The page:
Bottleneck #04: Cost Efficiency

Before engineers rush into optimizing cost individually within their own teams, it’s best to assemble a cross-functional team to perform analysis and lead execution of cost optimization efforts. Typically, cost efficiency at a startup will fall into the responsibility of the platform engineering team, since they will be the first to notice the problem – but it will require involvement from many areas. We recommend getting a cost optimization team together, consisting of technologists with infrastructure skills and those who have context over the backend and data systems. They will need to coordinate efforts among impacted teams and create reports, so a technical program manager will be valuable.

Understand primary cost drivers

It is important to start with identifying the primary cost drivers. First, the cost optimization team should collect relevant invoices – these can be from cloud provider(s) and SaaS providers. It is useful to categorize the costs using analytical tools, whether a spreadsheet, a BI tool, or Jupyter notebooks. Analyzing the costs by aggregating across different dimensions can yield unique insights which can help identify and prioritize the work to achieve the greatest impact. For example:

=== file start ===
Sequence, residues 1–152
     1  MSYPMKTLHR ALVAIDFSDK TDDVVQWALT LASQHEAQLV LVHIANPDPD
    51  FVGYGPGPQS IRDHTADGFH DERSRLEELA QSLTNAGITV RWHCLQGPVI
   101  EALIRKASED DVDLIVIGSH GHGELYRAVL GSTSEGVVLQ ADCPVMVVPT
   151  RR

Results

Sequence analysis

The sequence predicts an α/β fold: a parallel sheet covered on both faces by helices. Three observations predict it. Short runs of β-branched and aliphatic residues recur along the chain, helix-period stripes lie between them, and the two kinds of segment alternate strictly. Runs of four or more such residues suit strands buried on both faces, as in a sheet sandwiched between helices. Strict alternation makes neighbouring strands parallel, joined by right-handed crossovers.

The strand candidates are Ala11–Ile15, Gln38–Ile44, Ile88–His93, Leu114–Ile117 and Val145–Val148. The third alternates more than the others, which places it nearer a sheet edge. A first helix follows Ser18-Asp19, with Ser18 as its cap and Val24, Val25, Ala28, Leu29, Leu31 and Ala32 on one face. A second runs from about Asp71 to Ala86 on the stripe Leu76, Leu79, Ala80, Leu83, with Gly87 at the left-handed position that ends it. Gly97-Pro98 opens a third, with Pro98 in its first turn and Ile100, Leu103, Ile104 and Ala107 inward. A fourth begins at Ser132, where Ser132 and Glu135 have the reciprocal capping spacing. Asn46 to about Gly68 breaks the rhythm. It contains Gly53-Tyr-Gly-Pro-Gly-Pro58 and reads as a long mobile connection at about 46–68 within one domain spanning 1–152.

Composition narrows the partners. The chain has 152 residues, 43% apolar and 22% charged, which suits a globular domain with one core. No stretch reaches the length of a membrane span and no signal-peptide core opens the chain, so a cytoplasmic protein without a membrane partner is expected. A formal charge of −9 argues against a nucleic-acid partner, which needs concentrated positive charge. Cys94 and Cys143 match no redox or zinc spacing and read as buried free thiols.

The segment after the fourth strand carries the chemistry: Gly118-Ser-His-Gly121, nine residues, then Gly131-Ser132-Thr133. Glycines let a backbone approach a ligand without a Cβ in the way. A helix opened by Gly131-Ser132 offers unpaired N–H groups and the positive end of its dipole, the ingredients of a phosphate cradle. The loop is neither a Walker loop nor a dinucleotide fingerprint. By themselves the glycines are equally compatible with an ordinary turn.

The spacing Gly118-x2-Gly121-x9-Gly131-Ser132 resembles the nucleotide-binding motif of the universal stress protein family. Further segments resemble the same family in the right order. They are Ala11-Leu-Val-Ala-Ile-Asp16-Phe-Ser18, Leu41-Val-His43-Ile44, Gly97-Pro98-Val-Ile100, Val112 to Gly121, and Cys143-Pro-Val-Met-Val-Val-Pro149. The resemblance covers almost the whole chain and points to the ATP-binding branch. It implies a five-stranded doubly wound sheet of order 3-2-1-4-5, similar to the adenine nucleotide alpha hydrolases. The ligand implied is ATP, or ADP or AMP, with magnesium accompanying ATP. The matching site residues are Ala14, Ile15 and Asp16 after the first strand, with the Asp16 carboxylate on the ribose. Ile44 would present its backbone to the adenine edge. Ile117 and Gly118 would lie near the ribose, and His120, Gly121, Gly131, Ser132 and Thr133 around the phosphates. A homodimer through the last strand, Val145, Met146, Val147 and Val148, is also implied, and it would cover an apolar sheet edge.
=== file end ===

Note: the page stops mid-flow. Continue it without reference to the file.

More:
Application/system: Some applications/systems may contribute to more costs than others. Tagging helps associate costs to different systems and helps identify which teams may be involved in the work effort.

Compute vs storage vs network: In general: compute costs tend to be higher than storage costs; network transfer costs can sometimes be a surprise high-costing item. This can help identify whether hosting strategies or architecture changes may be helpful.